Business is brisk in the prog world for Yes who released their 21st studio album Heaven and Earth earlier this year – the first with singer Jon Davison who wrote much of the material. They then toured in Canada, did the Miami prog-rock Caribbean cruise (“Cruise to the Edge”), dates across Britain and Europe and then an American summer tour which finished in mid-August.
I've had a couple of months off to chill out, then we come down your
And for their return visit to Auckland on November 10 – they were here in early 2012 – they will play those classic albums Fragile and Closer to the Edge in their entirety, and close with new material from Heaven and Earth and some of their hits.
“By now we should know how to play those [albums],” he laughs. “And it's not as if they haven't been on-and-off part of the repertoire over the years. Especially And You and I [the 10 minute piece on Close to the Edge] which has been more a staple song than Close to the Edge itself or Siberian Khatru. They've all been in different sets at different times so are pretty much in our DNA.”
But having played these songs, if not entire albums, for the past four decades is it possible to still enjoy them?
“There's always the joy of the performance and the fine-tuning of new interpretations and over the years we've all grown as musicians, so obviously there is a lot of subtlety that gets thrown in that wasn't there in the first place.
“That contributes to the joy of the performance by not only the audience but ourselves. And the band's has been playing at a great level in the past year or two.”
The problem for Yes however is that no fan – old or new – wants to hear them say, “We hope you like our new direction”. Yes is a band with an autograph style and that's what people want to hear in concert, or as on the new album Heaven and Earth.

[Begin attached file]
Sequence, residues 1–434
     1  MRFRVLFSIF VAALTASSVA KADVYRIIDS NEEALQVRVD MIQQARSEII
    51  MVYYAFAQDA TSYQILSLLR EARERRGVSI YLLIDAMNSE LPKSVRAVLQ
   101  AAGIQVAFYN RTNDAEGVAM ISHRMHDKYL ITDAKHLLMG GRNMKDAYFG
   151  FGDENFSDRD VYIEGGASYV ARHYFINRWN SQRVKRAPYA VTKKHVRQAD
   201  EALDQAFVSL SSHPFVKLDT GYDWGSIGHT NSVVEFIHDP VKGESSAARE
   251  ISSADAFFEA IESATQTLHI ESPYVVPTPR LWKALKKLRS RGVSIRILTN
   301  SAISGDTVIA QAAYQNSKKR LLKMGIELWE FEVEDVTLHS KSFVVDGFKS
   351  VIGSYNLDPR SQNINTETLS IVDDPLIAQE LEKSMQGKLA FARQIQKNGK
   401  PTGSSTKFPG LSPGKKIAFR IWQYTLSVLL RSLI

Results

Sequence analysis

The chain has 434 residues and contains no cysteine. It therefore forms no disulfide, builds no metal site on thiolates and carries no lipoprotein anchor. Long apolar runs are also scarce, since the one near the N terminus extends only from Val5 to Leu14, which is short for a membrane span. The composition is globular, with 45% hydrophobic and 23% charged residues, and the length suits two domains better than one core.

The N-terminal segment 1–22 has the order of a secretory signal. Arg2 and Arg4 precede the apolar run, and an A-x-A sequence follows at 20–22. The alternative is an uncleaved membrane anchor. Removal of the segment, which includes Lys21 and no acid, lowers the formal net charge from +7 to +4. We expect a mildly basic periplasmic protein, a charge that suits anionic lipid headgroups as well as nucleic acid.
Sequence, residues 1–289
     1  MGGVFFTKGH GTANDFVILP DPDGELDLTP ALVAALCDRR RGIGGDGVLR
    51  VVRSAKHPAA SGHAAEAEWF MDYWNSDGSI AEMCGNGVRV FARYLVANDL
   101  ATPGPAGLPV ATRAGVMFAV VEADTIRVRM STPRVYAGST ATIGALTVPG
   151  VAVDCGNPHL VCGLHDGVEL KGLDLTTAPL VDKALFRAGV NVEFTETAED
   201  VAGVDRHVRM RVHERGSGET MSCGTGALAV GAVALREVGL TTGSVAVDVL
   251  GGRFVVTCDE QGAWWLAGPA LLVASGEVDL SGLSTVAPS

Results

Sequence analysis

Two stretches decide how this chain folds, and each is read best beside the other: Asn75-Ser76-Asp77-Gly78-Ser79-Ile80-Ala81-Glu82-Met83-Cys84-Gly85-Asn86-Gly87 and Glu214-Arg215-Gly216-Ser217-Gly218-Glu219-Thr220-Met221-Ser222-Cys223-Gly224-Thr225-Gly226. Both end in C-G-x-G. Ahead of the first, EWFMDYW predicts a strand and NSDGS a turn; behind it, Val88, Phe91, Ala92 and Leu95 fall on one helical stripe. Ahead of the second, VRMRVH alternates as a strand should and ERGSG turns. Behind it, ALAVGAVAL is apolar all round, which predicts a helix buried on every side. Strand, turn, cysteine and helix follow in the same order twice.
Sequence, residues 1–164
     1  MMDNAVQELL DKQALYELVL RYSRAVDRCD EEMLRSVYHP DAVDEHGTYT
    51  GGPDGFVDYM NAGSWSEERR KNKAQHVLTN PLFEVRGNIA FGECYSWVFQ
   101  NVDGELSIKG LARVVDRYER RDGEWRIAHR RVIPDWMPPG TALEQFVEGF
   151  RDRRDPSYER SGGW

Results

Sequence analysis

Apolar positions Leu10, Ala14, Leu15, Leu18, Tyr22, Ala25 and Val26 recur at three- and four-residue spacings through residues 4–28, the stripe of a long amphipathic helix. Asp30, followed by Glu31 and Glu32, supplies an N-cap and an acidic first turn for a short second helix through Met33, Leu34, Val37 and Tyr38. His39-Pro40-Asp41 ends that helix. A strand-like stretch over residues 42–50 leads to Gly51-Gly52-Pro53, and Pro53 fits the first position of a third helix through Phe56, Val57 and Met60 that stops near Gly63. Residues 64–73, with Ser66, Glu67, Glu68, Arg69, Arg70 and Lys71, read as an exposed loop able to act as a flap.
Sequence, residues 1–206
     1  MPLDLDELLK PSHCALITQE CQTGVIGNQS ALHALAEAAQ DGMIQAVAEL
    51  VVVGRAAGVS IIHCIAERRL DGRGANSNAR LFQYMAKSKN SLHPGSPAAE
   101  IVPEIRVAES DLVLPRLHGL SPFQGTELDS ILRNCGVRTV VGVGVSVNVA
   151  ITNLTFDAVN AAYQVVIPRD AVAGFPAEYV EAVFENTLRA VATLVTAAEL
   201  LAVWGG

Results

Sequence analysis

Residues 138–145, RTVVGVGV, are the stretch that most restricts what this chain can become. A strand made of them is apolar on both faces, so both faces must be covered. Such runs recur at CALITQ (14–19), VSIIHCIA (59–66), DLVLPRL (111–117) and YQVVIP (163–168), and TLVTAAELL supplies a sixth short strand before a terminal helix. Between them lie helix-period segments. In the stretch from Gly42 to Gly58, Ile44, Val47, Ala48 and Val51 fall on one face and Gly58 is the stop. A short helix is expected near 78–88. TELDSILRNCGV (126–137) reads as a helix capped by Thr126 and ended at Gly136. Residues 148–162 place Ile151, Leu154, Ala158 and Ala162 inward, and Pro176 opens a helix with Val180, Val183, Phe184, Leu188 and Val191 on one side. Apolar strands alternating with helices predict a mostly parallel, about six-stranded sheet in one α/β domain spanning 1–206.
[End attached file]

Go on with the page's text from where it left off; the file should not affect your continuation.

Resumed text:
“True perhaps, but Yes has been flexible over the years. In the Eighties when Trevor Rabin was the guitar player we definitely made a diversion from the core of prog-rock and got more into regular hard rock to an extent. And the 90125 album with [the hit single] Owner of a Lonely Heart was a slightly different Yes to that of the 7Seventies.
“I'm not afraid of change, I quite like messing around with different styles and new ideas. And of course every time there's a new member of the band they bring in ideas and the music subtly changes again. It's nice now to have our singer Jon Davison [far right, above] as a writing member as well as a performer, and the last album was musically successful to me because of that.
“And the Yes Appreciation Society certainly seem to appreciate him.
“Strangely enough we've been playing a couple of tracks from Heaven and Earth and I'm surprised how well they are received.
“I saw the Who in London a few years back when they had a new album out and there was a distinct lack of interest from the audience when they played new songs.
"In contrast our fans are enjoying the songs from the new album.
“But no, this is nothing I could have foreseen all those years ago.”